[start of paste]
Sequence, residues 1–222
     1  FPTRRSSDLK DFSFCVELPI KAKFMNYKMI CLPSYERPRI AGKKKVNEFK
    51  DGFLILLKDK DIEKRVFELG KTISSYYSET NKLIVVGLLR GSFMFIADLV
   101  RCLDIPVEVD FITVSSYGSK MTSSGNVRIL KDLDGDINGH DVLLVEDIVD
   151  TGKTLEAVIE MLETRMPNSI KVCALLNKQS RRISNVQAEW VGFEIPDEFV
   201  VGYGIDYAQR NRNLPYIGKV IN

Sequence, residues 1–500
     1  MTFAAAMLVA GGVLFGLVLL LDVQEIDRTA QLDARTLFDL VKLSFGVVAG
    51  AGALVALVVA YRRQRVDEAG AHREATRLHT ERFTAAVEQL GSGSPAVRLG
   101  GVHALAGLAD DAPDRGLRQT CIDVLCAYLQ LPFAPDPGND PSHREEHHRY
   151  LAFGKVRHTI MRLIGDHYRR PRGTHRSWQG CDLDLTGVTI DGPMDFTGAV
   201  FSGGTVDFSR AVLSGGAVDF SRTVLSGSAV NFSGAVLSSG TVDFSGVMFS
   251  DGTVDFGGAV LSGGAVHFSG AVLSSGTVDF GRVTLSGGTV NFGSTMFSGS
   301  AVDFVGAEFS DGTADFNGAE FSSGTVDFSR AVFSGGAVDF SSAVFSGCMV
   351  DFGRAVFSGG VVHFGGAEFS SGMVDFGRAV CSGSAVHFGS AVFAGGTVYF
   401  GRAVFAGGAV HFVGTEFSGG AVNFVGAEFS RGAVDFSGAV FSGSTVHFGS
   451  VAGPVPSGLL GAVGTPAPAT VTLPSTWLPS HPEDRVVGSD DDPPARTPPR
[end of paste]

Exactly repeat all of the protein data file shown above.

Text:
Sequence, residues 1–222
     1  FPTRRSSDLK DFSFCVELPI KAKFMNYKMI CLPSYERPRI AGKKKVNEFK
    51  DGFLILLKDK DIEKRVFELG KTISSYYSET NKLIVVGLLR GSFMFIADLV
   101  RCLDIPVEVD FITVSSYGSK MTSSGNVRIL KDLDGDINGH DVLLVEDIVD
   151  TGKTLEAVIE MLETRMPNSI KVCALLNKQS RRISNVQAEW VGFEIPDEFV
   201  VGYGIDYAQR NRNLPYIGKV IN

Sequence, residues 1–500
     1  MTFAAAMLVA GGVLFGLVLL LDVQEIDRTA QLDARTLFDL VKLSFGVVAG
    51  AGALVALVVA YRRQRVDEAG AHREATRLHT ERFTAAVEQL GSGSPAVRLG
   101  GVHALAGLAD DAPDRGLRQT CIDVLCAYLQ LPFAPDPGND PSHREEHHRY
   151  LAFGKVRHTI MRLIGDHYRR PRGTHRSWQG CDLDLTGVTI DGPMDFTGAV
   201  FSGGTVDFSR AVLSGGAVDF SRTVLSGSAV NFSGAVLSSG TVDFSGVMFS
   251  DGTVDFGGAV LSGGAVHFSG AVLSSGTVDF GRVTLSGGTV NFGSTMFSGS
   301  AVDFVGAEFS DGTADFNGAE FSSGTVDFSR AVFSGGAVDF SSAVFSGCMV
   351  DFGRAVFSGG VVHFGGAEFS SGMVDFGRAV CSGSAVHFGS AVFAGGTVYF
   401  GRAVFAGGAV HFVGTEFSGG AVNFVGAEFS RGAVDFSGAV FSGSTVHFGS
   451  VAGPVPSGLL GAVGTPAPAT VTLPSTWLPS HPEDRVVGSD DDPPARTPPR